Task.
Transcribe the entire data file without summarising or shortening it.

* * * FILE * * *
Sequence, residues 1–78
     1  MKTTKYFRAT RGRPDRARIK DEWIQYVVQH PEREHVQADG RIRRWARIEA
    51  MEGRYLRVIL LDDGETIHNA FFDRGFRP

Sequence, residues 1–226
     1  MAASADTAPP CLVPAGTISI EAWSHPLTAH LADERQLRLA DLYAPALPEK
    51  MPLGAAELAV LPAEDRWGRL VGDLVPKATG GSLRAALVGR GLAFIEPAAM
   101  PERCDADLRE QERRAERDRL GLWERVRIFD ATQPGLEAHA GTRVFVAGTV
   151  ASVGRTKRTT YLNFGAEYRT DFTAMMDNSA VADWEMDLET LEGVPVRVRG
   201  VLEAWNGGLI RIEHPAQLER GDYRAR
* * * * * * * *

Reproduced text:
Sequence, residues 1–78
     1  MKTTKYFRAT RGRPDRARIK DEWIQYVVQH PEREHVQADG RIRRWARIEA
    51  MEGRYLRVIL LDDGETIHNA FFDRGFRP

Sequence, residues 1–226
     1  MAASADTAPP CLVPAGTISI EAWSHPLTAH LADERQLRLA DLYAPALPEK
    51  MPLGAAELAV LPAEDRWGRL VGDLVPKATG GSLRAALVGR GLAFIEPAAM
   101  PERCDADLRE QERRAERDRL GLWERVRIFD ATQPGLEAHA GTRVFVAGTV
   151  ASVGRTKRTT YLNFGAEYRT DFTAMMDNSA VADWEMDLET LEGVPVRVRG
   201  VLEAWNGGLI RIEHPAQLER GDYRAR